All of this iTune, iPod, sound dock, activity, prompted Jeff to head out to the studio and experiment with creating a smart phone amplifier.

I wonder if I can turn it into a pig?

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Good-Bye to January

Despite feeling like I got very little accomplished last month, I seem to finally be catching up on having a few piggy banks in stock and ready to go to new homes. I am slowly getting them photographed to add to my Etsy shop.

The “Bull bank” is one of my favorites.
Then again, I have a soft spot for anything glazed in shino!

I am happy to say good-bye to January and hello to February… we are getting closer to Spring every day.

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Slowly coasting along…

When the holiday rush was over I found two coasters that were forgotten. They were wrapped in plastic and still leather hard. I had been trying to talk myself into braving the cold studio and getting some work done. Opportunity was calling my name! I got out there, applied some slip and once they were dry enough, carved a design. I was so proud of myself for finally getting something done. Jeff laughed because there were only two, and I wimped out with a simple design. Cut me some slack… it was really cold in the studio!

After the bisque firing I applied liquid wax to the rims and then filled in the carving with Amaco’s Jet Black Velvet Underglaze.

Once the underglaze was dry, I wiped over it with a damp sponge. I am not too fussy with the clean up. Most won’t show through the glaze. When it does, I don’t mind the “blurry” look.
I poured the glaze on to the coasters, quickly pouring off the excess. If any spots get on the rim I just wipe it up with a damp sponge.
They came out of the kiln on Monday, so now I have a complete set of……..TWO.

With our new heater in the studio we should be able to be more productive on a regular basis this month. Coasters are on my “to make” list.

PS… Thought you might like to see how we treat the backs of our coasters. Cork buttons with adhesive backing. They come in a large roll and are relatively inexpensive. I believe they came from Widgetco.

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Organizational Skills

I have organizational skills, I just don’t always use them! It’s something that I am working on. Some time ago I was in IKEA and fell in love with a Raskog cart. It came in my favorite color, the price was right (about $27) and it came home with me. My first inclination was to use it in the studio for tools. After putting it together and letting it live in the house for a few weeks, I decided I wanted it for storing art supplies. It has worked out great. I can roll it to where I need it or I can hide it away in my office. It also makes a great stand to hold the pyrometer when we are firing the gas kiln!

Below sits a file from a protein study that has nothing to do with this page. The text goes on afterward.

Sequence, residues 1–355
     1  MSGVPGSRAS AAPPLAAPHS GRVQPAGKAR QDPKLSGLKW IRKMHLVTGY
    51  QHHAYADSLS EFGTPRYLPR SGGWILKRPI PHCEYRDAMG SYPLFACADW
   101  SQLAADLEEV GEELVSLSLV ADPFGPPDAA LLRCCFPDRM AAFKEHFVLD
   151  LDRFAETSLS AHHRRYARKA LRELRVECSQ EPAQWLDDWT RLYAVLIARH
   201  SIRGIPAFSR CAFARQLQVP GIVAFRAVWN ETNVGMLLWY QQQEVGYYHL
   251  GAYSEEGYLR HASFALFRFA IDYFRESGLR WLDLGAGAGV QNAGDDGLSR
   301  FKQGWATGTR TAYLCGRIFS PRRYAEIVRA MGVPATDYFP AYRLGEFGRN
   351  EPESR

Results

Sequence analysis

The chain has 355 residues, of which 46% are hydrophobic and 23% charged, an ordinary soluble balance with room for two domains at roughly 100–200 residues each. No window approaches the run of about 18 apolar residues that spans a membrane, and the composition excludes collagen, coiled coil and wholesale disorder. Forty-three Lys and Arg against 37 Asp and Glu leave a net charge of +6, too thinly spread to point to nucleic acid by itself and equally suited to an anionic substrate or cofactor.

It doesn’t look very organized right now. I guess I need to get my organizer, organized.

We recently ordered new IKEA shelving for our gallery. They were offering free shipping so I ordered another cart with the sole purpose of studio use. The color offerings were fewer and I settled on burnt orange.

Before the cart, I had all my tools in containers and crocks on my worktable, making the table very cluttered for rolling out slabs and doing any hand building. The cart gives me flexibility to roll it near my wheel or next to the worktable. I have also been able to roll it out of the way when we are having a group in the studio for lessons.
After re-organizing my “art cart”, I should tackle some closets…

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Organizational Skills

I have organizational skills, I just don’t always use them! It’s something that I am working on. Some time ago I was in IKEA and fell in love with a Raskog cart. It came in my favorite color, the price was right (about $27) and it came home with me. My first inclination was to use it in the studio for tools. After putting it together and letting it live in the house for a few weeks, I decided I wanted it for storing art supplies. It has worked out great. I can roll it to where I need it or I can hide it away in my office. It also makes a great stand to hold the pyrometer when we are firing the gas kiln!
It doesn’t look very organized right now. I guess I need to get my organizer, organized.

We recently ordered new IKEA shelving for our gallery. They were offering free shipping so I ordered another cart with the sole purpose of studio use. The color offerings were fewer and I settled on burnt orange.

Before the cart, I had all my tools in containers and crocks on my worktable, making the table very cluttered for rolling out slabs and doing any hand building. The cart gives me flexibility to roll it near my wheel or next to the worktable. I have also been able to roll it out of the way when we are having a group in the studio for lessons.
After re-organizing my “art cart”, I should tackle some closets…

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Fire Away…

 

Jeff worked into the evening, loading the kiln and bricking the door, while I cooked dinner in the warm kitchen. Hmmm… I wonder who got the better end of that deal?! He lit one burner and “candled” the kiln for a couple of hours, turning the gas off just before we went to bed. Early this morning he turned one burner back on. We always fire slowly, and this time probably a little more slowly. Jeff has a vessel sink in there that is being re-fired, hence the extra caution. I am sure the firing will go late into the night.

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…Better Living Through Handmade Pottery.